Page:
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Romanus, named among the four fons of Hiftion, fprung of Japhet,

and from him the Romans fabled to be derived, iv. 4.

Rome, chriftian, not fo careful to prevent tyranny in her church, as
pagan Rome was in the ftate, i. 131, 132.

Reffomakka, a beast fo called, ftrange way of bringing forth her
young, iv. 275.

Rowen, the daughter of Hengift, fent for over by her father, iv.
98. She prefents king Vortigern with a bowl of wine by her
father's command, ibid. She is upon the king's demand given
him in marriage, ibid.

Rudaucus, king of Cambria, fubdued in fight, and flain by Dunwallo

Molmutius, iv. 17.
Rudhuddibras, fucceeds his father Leil, and founds Canterbury,
with feveral other places, iv. 13.

Runno, the fon of Peredure, not immediate fucceffor, iv. 22.
Ruffia, ceremony and magnificence of the emperor's coronation,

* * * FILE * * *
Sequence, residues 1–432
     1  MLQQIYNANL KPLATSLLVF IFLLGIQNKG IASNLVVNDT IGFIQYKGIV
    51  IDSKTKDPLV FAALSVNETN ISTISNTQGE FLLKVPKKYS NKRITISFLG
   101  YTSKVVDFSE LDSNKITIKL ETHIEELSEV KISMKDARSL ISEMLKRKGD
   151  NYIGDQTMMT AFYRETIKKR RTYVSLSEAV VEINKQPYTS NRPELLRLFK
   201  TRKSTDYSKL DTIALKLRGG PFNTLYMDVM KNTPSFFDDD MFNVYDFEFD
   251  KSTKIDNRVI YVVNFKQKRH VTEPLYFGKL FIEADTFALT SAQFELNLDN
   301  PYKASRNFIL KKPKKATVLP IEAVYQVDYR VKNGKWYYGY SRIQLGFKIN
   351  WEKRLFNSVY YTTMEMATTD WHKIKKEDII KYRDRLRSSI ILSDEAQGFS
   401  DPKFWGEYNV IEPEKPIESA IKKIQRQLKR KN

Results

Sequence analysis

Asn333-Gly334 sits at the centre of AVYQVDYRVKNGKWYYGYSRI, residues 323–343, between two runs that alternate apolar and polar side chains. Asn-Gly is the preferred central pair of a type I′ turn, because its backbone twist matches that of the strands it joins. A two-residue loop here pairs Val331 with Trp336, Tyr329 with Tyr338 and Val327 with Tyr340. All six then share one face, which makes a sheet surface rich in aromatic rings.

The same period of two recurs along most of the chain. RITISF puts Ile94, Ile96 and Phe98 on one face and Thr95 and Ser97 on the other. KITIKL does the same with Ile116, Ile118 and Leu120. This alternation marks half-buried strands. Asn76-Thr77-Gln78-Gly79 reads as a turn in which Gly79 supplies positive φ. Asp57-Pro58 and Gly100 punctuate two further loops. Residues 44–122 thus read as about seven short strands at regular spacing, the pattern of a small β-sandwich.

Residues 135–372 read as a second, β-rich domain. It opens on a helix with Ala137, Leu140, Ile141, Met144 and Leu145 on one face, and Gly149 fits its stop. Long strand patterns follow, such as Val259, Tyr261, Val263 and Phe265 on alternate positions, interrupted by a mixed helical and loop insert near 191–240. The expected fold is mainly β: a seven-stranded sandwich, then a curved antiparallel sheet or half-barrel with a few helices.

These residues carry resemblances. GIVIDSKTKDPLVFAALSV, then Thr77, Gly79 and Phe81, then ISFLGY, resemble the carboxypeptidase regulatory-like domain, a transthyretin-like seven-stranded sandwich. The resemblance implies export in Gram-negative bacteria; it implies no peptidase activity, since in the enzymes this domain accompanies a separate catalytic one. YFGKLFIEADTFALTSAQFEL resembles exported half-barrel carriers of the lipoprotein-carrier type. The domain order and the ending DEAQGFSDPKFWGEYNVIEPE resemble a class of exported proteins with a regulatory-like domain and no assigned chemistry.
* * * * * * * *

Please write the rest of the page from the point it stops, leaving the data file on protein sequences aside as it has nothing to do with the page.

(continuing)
iv. 291. First discovery of it by the North-eaft, 299. The
English embaffies and entertainments at that court, 303. One
of queen Elizabeth's kinfwomen demanded by the emperor for
a wife, 309. Oliver's letter to the emperor of, iv. 430.
Ruffians, account of their civil government, iv. 277. Their reve-
nues, 278. Military forces and difcipline, 279. Their reli-
gion and marriages, 280. Their burials and manners, 281.
Their habit, and way of travelling, ibid.


SABRA, thrown into the river, (thence called Sabrina) with her
mother Eftrildis, by Guendolen, iv. 12.

Salluft, the chief of the Latin hiftorians, i. xxxiv.
Salmacis, caution against bathing in that ftream, iii. 110.
Salmafius, remarks on his defence of the king, iii. 103, &c. His
opinion of epifcopacy, 112. Was once a counsellor at law, 122.
His complaint that executioners in vizards cut off the king's
head, 125. His definition of a king, 130. Differs from him-
felf in ecclefiaftics and politics, 187. Taxed with receiving a
hundred Jacobufes as a bribe, 215, 269. An advocate for ty-
ranny, 244. Lord of St. Lou, the meaning of that word, 258,
note. His Anglicifms remarked, 269. See Defence of the
People of England.

Samoedia, Siberia, and other countries, fubject to the Muscovites,
defcribed, iv. 282. Manners of the inhabitants, 283.
Samothes, the firft king that hiftory or fable mentions to have peo-
pled this ifland, iv. 3.

Sampfon, kings compared to him, i. 149. Counted it no act of

impiety to kill the enflavers of his country, iii. 191.

Samuel, depofed for the mifgovernment of his fons, ii. 282. His
scheme of fovereignty explained, iii. 138.